How much money do i need to retire?
This is one of the more common financial planning questions. However, the answer requires some digging into ideas and concepts that many people haven’t really sat down to think about before. A good starting point ti to look at the amount of income you need to live the lifestyle you want to live in retirement.
What income do you need in retirement?
The answer is messy, as there is the ‘standard’ answer and there is the answer that is correct for you. The standard answer would suggest that a couple retiring into a “comfortable lifestyle” would require an income of $56,317 a year, while a couple living a “more modest lifestyle” would require $32,603 a year*. That’s quite a difference. If you can’t work out just how much income you need to meet retirement living costs then you aren’t likely to come up with a correct answer as to the value of super/investment you need to be able to retire.
Inflation and retirement – expenses
To gain some insight into your potential retirement lifestyle, you will need a budget for your costs now, and a budget for your estimate of costs that will apply when you retire. This does not mean that you need to sit down with a calculator and project current costs into the future. Rather, it means that you do need to sit down and work out which of your current costs will continue in retirement, and what new costs you are likely to incur in retirement.
* If you are a bit stuck on where to start then there is a lot of help available online. For example, the Association of Superannuation Funds of Australia offers a “Retirement Standard” that lists usual costs, and is updated with changes in those costs each quarter. The annual incomes mentioned earlier are from their material. You can find the site here.
How much money is enough for retirement?
To work out how many dollars would be ‘enough’ to retire, you will need to consider:
- What income are you likely to get from your super?
- What income are you likely to get from your other investments?
- What income are you likely to get from Centrelink – if any?
- Are you entitled to any other pension income from overseas or previous jobs?
- What tax are you likely to pay – if any?
How much money do i need to retire?
This is the hard part, and not just because you need to work out how much your preferred income will change from now through to your preferred retirement age. The very hard part is working out how these issues will change during your retirement! That’s because most people will spend at least 20 years living the retired lifestyle. And remember, many people today plan a retirement that still includes some level of work and work income!
Inflation AFTER retirement will have a big impact
Inflation that occurs when you are still working will generally have a lesser impact on your finances than inflation that occurs after you stop working. That’s because inflation will erode the buying power of your investment and super money, and you have minimal chances of being able to add more in to make up for this. In other words, it will simply cost a lot more to live, and your retirement money may not keep up with that inflation.
In the most obvious example, all things being equal, a lump sum that will provide you with the income you want for 30 years at 2% inflation will only last 25 years at 5% inflation (roughly). So the rising cost of living is an essential topic for all retirees. It will determine their lifestyles and choices in later years.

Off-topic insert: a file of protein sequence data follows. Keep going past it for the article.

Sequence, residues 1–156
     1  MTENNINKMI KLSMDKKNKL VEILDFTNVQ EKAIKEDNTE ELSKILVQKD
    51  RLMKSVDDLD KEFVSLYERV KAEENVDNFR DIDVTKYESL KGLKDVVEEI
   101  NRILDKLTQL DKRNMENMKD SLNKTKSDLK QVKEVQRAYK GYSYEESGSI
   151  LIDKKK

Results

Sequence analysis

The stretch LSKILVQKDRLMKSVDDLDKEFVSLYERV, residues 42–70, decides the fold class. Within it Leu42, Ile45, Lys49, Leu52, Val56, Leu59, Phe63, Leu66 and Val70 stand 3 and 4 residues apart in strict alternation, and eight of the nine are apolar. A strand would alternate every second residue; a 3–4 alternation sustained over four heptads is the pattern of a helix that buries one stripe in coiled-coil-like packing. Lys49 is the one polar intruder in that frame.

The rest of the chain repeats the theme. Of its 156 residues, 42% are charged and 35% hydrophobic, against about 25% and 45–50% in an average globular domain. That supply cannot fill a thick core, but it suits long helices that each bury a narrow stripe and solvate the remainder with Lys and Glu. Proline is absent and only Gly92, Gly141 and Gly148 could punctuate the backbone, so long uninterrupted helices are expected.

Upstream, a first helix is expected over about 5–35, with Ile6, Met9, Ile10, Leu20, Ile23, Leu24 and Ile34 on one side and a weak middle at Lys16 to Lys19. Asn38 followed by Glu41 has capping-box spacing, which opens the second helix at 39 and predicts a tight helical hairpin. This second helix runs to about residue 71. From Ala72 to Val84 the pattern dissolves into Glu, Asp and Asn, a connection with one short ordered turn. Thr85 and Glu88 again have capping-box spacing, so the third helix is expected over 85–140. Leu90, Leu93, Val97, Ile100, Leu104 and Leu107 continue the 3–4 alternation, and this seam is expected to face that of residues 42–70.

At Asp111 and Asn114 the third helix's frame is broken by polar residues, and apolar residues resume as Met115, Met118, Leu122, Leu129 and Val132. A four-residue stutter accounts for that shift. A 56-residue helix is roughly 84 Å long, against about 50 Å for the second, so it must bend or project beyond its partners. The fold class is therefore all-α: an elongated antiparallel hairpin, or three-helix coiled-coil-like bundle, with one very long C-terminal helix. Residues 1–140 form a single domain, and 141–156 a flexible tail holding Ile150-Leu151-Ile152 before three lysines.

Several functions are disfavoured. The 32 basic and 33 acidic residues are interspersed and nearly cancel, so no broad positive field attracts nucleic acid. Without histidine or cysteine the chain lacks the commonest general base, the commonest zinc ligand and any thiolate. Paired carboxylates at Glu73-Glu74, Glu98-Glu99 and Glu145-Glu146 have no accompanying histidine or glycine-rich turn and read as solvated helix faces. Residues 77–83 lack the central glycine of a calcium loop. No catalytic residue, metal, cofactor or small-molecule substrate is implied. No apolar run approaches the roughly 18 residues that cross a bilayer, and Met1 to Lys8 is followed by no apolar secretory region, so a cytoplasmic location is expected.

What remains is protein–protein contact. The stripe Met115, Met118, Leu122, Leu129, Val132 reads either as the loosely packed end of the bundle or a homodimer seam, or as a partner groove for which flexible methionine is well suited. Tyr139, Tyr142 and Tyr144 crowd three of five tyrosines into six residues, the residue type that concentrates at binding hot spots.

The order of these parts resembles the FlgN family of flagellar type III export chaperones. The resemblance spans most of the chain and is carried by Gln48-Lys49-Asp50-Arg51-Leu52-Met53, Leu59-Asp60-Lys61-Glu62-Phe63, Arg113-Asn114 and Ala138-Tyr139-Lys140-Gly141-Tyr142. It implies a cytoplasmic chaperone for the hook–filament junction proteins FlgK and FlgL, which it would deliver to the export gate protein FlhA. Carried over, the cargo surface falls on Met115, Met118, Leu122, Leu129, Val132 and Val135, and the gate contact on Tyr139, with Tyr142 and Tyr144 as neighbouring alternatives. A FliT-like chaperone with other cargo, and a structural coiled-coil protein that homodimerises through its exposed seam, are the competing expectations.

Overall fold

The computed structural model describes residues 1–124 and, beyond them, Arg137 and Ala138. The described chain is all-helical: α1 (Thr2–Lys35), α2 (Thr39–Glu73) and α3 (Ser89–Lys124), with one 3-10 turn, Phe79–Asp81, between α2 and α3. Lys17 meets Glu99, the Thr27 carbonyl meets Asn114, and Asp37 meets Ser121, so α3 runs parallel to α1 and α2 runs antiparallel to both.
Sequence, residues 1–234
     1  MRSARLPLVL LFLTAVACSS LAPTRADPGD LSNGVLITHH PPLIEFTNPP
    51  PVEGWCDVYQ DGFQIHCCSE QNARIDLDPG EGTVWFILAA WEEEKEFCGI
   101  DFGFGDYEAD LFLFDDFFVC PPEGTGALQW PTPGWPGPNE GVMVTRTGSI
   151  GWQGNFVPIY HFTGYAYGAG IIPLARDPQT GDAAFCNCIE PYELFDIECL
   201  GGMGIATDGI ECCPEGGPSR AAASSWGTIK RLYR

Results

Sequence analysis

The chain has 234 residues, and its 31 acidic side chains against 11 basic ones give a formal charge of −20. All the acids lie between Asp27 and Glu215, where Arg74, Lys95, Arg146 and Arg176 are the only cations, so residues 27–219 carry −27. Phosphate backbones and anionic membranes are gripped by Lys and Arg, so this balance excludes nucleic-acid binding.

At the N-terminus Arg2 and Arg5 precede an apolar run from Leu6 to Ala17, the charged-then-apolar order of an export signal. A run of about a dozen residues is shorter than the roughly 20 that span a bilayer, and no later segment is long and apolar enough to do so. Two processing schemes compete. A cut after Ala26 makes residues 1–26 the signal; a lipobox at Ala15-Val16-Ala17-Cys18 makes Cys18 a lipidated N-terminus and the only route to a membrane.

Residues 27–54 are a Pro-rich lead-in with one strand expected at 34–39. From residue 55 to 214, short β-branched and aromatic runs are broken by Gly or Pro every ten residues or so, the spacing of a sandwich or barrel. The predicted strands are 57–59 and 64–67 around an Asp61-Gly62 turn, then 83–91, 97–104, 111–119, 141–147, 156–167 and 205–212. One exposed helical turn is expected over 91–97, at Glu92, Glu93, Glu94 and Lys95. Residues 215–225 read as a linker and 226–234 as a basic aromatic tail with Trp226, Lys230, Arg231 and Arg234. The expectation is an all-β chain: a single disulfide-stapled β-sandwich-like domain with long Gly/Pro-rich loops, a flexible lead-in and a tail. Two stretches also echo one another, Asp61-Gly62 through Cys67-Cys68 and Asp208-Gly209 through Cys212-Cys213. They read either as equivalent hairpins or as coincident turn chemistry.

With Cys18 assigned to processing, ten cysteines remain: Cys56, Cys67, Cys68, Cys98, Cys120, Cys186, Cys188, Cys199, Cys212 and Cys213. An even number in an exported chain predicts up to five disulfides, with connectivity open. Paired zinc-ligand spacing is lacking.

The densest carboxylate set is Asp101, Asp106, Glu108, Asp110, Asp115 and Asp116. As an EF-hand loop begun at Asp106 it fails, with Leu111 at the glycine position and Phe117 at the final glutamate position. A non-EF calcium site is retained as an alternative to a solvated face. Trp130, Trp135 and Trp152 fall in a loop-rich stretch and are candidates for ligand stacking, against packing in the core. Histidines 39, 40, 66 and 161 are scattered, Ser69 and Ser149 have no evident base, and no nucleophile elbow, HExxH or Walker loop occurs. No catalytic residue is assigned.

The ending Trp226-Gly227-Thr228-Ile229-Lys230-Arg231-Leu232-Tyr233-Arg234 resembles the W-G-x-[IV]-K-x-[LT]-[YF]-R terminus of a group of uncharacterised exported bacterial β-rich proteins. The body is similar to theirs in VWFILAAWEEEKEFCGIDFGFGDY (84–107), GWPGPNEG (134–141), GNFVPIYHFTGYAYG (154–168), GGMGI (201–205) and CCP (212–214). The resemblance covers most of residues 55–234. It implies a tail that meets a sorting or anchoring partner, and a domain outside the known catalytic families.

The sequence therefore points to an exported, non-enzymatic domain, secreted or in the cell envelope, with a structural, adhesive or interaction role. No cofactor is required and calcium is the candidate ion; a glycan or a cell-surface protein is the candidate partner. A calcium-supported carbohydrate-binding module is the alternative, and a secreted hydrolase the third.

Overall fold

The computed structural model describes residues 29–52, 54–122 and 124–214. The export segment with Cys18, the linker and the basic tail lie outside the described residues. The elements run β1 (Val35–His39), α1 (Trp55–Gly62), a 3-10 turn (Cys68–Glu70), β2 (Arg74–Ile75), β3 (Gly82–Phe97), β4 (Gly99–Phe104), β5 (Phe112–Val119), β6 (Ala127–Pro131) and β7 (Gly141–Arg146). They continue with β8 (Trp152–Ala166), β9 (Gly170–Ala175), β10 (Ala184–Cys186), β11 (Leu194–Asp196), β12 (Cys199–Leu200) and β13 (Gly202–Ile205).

So we move on to the official economic measurement of inflation – the “CPI” or Consumer Price Index. Inflation has been “under control” according to the economists and remains quite low, at something between 2% and 3% per annum. However, the basket of goodies represented by the CPI do not necessarily reflect the living costs and expense experiences of retirees!
Is the CPI your measure of inflation in retirement?
John Robertson of All Things Considered website, puts forward a strong argument in the article to be found here for using higher inflation assumptions when projecting future expenditure needs in retirement. He points to the large difference in outcomes when using 7% versus 3% for inflation in retirement. Similarly, he points to medical and health, energy and education as being items increasing in cost at much more than the standard CPI rate. And these are generally not discretionary items.
Interest rates and retirement incomes
The Australian Financial Review yesterday pointed out that a retiree with $888,000 in term deposits in 2011 could have earned an interest rate of 5.63% and earned $50,000 for the year in income. That same amount of money today would earn $36,000. That same retiree with a good lump of cash would be feeling quite a bit of strain as they try to match their expenditure to their earnings.
So retirees have taken a double beating – they’ve been earning lower interest on their deposits AND had to cope with rising costs due to healthcare, utilities and food price rises.
There is more to the issue, of course – and central bankers across the globe are trying to keep interest rates down to stimulate economic activity. Great for those who have jobs and mortgages – awful for those who are retired, conservative and trying to live off a low-risk investment income…
It’s a big issue for retirees. Feel free to write in and share your experiences and thoughts.
Disclaimer : Remember, nothing in this post or on this site is to be considered personal advice. It is broad discussion only and at most would be considered “general advice”. That means you must not take anything here to represent a direction for you to act in any particular way. If you want direction, you must seek personal financial advice from a suitably qualified adviser.